There’s an escalating international tit-for-tat trade battle, if not a full-blown trade war, taking shape.  In one corner is the United States representing itself and its old world superpower allies; in the other, the emerging BRIC nations (Brazil, Russia, India and China – recently joined by South Africa), fronted by China.

The latest round of awkwardness started last year with solar panels when first the US, and then the EU, complained that products manufactured in China were too cheap and cried foul, citing “price dumping”.  Cue import duties on Chinese manufactured panels to made them more “price-comparable” with domestic competitors.  China swiftly responded with a formal complaint to the World Trade Organisation over what it believes is illegal state subsidies by Italy and Greece for solar panel manufacturers in their jurisdictions.

More recently, telecoms equipment from China (and increasingly Korea) has been banned or challenged in the US over fears that it could pose a threat to the US’ national security.  The allegations were tested in a US technical laboratory and no evidence was found.  But what sane person would accept even the slightest risk – with or without evidence – of a threat to national security?

A de facto blockade was put in place.  Now the French Government, with an ailing telecoms equipment vendor on its doorstep, is said to be considering similar action.  Interest declared – I represent a global telecoms equipment vendor headquartered in China.

The macroeconomic and political environment is important to understand here.  The collapse of the global economy in 2008 inflicted near-fatal damage to the reputation of free market capitalism. A succession of Eurozone aftershocks kicked it again, and again. To add insult to injury, the US economy had to turn to China, long considered misguided for its commitment to state-led capitalism, for help and a hand out. China complied with the call for cash but, then – somewhat pettily – exercised a little smug triumphalism. They also suggested a greater say in international policy, in line with its new economic status, might be in order.

With free trade and bi-lateral trade agreements in place, truth becomes the first fatality in a trade battle. With import tariffs and market quotas open to legal challenge, more palatable justifications are called for.  If declaring the self-interst of protecting a domestic player is legally invalid, the shield of ‘national security’ – practically disprovable by either side – can be easily adopted.

In these cases, political lobbying, the traditional route to having trade restrictions discussed, revised, reduced or erased, becomes ineffective.  It’s difficult to lobby against decisions already made or investigations staged to justify already made decisions.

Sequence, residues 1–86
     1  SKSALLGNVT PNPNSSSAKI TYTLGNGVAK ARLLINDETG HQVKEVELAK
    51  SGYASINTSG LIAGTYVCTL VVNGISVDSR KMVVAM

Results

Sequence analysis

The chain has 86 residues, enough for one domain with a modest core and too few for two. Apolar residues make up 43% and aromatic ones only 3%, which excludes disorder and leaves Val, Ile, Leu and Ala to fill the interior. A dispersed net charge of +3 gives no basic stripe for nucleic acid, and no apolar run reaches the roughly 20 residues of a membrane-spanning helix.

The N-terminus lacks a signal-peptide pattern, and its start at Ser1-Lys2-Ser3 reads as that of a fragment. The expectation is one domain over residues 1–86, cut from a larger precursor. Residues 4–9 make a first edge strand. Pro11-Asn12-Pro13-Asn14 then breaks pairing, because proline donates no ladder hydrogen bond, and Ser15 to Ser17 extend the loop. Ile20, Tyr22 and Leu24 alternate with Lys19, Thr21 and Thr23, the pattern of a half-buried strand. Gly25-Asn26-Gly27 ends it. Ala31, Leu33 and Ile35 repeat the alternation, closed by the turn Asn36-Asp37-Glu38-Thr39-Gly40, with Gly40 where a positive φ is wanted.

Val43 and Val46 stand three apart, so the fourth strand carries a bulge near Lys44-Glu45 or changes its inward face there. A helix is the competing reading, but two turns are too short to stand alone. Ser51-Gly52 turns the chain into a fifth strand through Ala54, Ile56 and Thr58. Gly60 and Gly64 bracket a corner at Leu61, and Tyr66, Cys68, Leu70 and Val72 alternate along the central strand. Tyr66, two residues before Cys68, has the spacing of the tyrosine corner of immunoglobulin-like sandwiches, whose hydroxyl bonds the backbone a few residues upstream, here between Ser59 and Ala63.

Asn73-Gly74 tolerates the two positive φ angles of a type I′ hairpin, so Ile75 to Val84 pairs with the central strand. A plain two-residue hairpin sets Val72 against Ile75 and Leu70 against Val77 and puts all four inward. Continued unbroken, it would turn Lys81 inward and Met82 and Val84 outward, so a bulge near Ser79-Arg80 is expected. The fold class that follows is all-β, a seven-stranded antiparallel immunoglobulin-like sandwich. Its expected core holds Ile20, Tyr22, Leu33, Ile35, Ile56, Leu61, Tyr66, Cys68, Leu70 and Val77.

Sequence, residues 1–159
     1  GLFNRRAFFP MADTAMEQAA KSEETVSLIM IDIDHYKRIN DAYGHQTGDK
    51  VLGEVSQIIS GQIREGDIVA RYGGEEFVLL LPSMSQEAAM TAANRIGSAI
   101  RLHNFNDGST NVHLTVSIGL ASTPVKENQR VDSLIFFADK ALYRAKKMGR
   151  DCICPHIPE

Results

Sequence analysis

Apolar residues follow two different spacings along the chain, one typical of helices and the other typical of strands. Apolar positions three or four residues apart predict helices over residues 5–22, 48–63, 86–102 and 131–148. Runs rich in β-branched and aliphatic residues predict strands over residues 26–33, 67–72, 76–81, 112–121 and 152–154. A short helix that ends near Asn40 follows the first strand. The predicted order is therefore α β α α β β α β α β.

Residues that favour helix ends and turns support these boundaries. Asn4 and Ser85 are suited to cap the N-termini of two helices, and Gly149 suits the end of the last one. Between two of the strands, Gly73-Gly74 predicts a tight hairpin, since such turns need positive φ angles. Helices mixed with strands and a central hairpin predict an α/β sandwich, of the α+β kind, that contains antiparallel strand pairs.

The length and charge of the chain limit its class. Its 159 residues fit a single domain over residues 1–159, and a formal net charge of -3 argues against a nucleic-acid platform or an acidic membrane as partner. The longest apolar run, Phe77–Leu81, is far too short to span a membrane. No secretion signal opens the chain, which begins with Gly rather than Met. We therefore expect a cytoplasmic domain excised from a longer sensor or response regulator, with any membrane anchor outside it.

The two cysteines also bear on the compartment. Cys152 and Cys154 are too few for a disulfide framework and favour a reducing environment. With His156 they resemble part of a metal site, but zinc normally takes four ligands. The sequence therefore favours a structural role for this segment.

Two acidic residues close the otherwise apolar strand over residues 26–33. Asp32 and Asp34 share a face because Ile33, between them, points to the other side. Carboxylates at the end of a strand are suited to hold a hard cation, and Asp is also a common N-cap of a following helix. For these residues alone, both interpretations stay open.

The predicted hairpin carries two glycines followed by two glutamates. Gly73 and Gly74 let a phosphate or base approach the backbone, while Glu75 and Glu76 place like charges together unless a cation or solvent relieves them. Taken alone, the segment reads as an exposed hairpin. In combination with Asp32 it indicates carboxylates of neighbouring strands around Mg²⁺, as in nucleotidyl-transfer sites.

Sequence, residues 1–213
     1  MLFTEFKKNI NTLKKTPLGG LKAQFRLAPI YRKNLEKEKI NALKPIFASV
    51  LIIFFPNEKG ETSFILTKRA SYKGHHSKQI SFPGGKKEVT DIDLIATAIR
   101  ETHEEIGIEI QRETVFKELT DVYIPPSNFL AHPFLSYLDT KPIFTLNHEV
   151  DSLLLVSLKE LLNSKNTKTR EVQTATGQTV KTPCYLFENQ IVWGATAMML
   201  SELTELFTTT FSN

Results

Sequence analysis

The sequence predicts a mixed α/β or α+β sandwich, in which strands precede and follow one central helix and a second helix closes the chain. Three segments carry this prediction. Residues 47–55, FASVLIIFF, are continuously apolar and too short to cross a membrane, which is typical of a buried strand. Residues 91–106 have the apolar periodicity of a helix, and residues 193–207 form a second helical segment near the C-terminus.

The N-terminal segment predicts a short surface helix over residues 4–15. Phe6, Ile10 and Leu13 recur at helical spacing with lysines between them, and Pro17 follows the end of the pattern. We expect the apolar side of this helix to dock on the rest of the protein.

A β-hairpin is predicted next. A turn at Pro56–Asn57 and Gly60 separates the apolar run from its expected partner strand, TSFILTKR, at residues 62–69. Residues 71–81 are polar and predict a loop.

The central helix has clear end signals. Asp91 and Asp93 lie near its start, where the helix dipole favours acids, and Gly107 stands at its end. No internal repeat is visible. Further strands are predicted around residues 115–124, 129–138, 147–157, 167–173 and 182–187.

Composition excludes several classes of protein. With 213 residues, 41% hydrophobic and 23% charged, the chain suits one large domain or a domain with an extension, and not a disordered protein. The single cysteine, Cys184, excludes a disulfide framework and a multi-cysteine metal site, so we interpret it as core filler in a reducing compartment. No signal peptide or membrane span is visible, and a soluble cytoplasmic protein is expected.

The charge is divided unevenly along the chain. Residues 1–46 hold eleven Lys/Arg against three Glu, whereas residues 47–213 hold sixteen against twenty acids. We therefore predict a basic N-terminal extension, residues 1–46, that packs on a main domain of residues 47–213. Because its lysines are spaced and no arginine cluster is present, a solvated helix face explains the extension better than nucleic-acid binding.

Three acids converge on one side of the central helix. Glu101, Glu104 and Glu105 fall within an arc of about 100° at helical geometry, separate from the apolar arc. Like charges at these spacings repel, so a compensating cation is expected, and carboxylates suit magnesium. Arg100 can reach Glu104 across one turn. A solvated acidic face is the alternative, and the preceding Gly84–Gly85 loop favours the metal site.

The impartial media are often conflicted.  Challenging opaque issues of national security could be seen as conspiratorial. In any event, straight reporting of battles, of winners and losers, are much easier stories to write and make better headlines.

For internal communicators, it’s difficult to explain to a global workforce in terms they understand or accept that the potential loss of their livelihoods is really nothing personal and that commercial organisations sometimes have to pay the price for bigger debates.

Ultimately, there are three key implications of trade wars.

Firstly, consumers are denied choice and lower costs.  In the case of the solar panel dispute, American consumers are forced to pay a higher price to reduce their heating bill or minimise their carbon footprint.  And before you suggest it, only a cynic would suggest this activity was a gift to US oil and gas companies, contributors to both the Republican and Democratic parties.

Secondly, protecting the weak seldom encourages them to understand and address the underlying causes of weakness (the banks in the US, the UK and across the Eurozone that were bailed out by taxpayers may prove this theory wrong in time but the early signs aren’t encouraging). In a global, free market economy, competition (assuming fairness and the rule of law is respected) should raise standards and reduce costs for consumers and businesses alike and businesses that invest, innovate, risk capital and operate profitably by giving customers what they want should have a reasonable expectation of success.

Finally, international trade wars are a zero sum game.  Markets blocked from other markets typically bite back.  The BRIC nations are enjoying economic growth, while the free market economies of the west are in decline.

With time, and an improving economic outlook, trade wars usually get resolved but if ever there was a time when the global market needs to support the global economy, to cooperate and remove all the barriers, that time is surely now.